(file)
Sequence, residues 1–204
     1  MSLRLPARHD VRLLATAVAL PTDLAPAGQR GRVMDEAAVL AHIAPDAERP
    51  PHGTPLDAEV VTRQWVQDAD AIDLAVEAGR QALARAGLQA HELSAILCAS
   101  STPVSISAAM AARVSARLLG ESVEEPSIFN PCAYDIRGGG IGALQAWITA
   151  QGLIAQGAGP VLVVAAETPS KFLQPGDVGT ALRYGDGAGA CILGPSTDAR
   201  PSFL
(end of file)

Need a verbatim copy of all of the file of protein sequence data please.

Sequence, residues 1–204
     1  MSLRLPARHD VRLLATAVAL PTDLAPAGQR GRVMDEAAVL AHIAPDAERP
    51  PHGTPLDAEV VTRQWVQDAD AIDLAVEAGR QALARAGLQA HELSAILCAS
   101  STPVSISAAM AARVSARLLG ESVEEPSIFN PCAYDIRGGG IGALQAWITA
   151  QGLIAQGAGP VLVVAAETPS KFLQPGDVGT ALRYGDGAGA CILGPSTDAR
   201  PSFL